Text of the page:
Debris removal program starts in December in Sonoma County burn zones

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Property owners urged to sign up for Phase 2 of the State-Sponsored Consolidated Debris Removal Program (For the Walbridge, Meyers and Glass Fires)

December 15, 2020 is the deadline to file the Right of Entry form.

Guy Kovner | November 22, 2020

Owners of 432 Sonoma County properties hit by the Walbridge, Meyers and Glass wildfires are eligible for government-funded debris removal starting in December and county officials are urging them to register quickly for the program.

Contractors will clear debris, ash and hazardous trees from parcels where homes and outbuildings were destroyed or heavily damaged by the three blazes that struck in August and September.

Landowners must sign and submit a form granting workers access to their property by the official deadline of Dec. 15, but with just 35 forms submitted as of Friday, county officials are urging owners to complete the application process in the next two weeks.

Crews will be ready to start work Dec. 1 in a program that covers five other counties — Mendocino, Lake, Napa, Solano and Yolo — and won’t come to Sonoma County at first unless a “sufficient number” of property owners have registered, said Stuart Tiffen, a county spokesman said.

“They haven’t given us a specific number,” he said, expressing hope that Sonoma County could qualify for top priority.

“We’re in competition to get this done,” Tiffen said, noting the number of applications “is going up every day.”

The debris removal program, similar to the one that followed the 2017 wildfires, is funded through the Federal Emergency Management Agency and managed by the state Office of Emergency Services, with CalRecycle, another state agency, handling oversight of the contractors performing the work.

Homeowners pay nothing for the work, but must remit to the county any portion of their insurance proceeds earmarked for debris removal. If their policy includes no such designation, owners will pay the county from any insurance proceeds remaining after their homes are rebuilt.

Homes that are destroyed or left with one wall standing are eligible for the program, and homes with lesser damage may be deemed eligible on a case-by-case basis.

Garages, sheds and other outbuildings are eligible for cleanup if the square footage exceeds 120 square feet.

Foundations will be removed and trees that pose a danger to crews, or are dead or likely to die within five years due to the fire or threaten public right of way will be removed.

Swimming pools, driveways, retaining walls, patios, wells and septic tanks will not be removed in most cases.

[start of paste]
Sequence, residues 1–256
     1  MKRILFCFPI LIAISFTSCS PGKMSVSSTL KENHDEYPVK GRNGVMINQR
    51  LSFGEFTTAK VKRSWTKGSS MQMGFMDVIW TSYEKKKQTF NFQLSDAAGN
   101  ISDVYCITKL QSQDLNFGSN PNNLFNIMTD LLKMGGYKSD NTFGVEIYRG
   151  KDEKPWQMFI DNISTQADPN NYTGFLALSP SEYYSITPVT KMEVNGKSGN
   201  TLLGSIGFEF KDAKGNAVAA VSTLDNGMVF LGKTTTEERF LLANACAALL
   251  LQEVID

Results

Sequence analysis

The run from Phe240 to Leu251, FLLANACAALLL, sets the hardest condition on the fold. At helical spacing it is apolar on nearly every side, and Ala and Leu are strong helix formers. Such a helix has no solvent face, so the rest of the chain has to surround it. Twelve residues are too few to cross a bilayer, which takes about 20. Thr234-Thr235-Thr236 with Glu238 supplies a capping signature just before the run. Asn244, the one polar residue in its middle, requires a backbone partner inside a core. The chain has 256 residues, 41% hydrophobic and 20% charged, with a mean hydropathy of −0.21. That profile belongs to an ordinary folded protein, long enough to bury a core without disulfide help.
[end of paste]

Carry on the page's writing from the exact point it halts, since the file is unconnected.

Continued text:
Uninsured homeowners can be eligible for the program.

Property owners who want to handle debris removal at their own expense need not file what’s officially called a right-of-entry form, Tiffen said.

Those owners who choose to hire their own contractors must obtain the necessary permits and environmental clearances from local government before conducting any work, he said.

The Walbridge and Meyers fires combined scorched 57,300 acres and destroyed 159 homes and 298 structures in Sonoma County, while the Glass fire burned nearly 67,500 acres and destroyed 1,555 structures in Sonoma and Napa counties, including more than 330 homes in Sonoma County.

The tally of property losses in Santa Rosa and the county’s rural area outside cities for the debris removal program counts parcels rather than homes and some parcels have multiple homes, Tiffen said.

In the wake of the 2017 wildfires, a debris removal program managed by the Army Corps of Engineers cleared about 2 million tons of debris from nearly 3,600 Sonoma County parcels, equal to the weight of two Golden Gate Bridges.

That monthslong effort included hassles over the insurance payment obligation, the mandatory removal of foundations and complaints about contractors scraping away too much soil in the pursuit of profits.

“Everybody is coming at this more experienced than we were in 2017,” Tiffen said.

Once the public debris removal program begins, property owners will be able to use an online map to search for their property by address and view its current status, such as submitted right of entry form, soil sample pending or ready for rebuild.

The map will also indicate whether the property owner is participating in the public program or private cleanup option utilizing a licensed contractor.

The debris removal program follows the household hazardous waste removal sweep that is mandatory for all fire-damaged properties and requires no registration.

The sweep has covered 313 out of 455 parcels in the county’s rural area and 65 out of 67 parcels in Santa Rosa.

More than 6,000 properties in Sonoma County were swept for hazardous waste in 2017.

The sweep removes household waste that may pose a threat to human health, animals and the environment, such as herbicides, pesticides, batteries, gasoline, propane tanks, asbestos siding and paint.

You can reach Staff Writer Guy Kovner at 707-521-5457 or On Twitter @guykovner.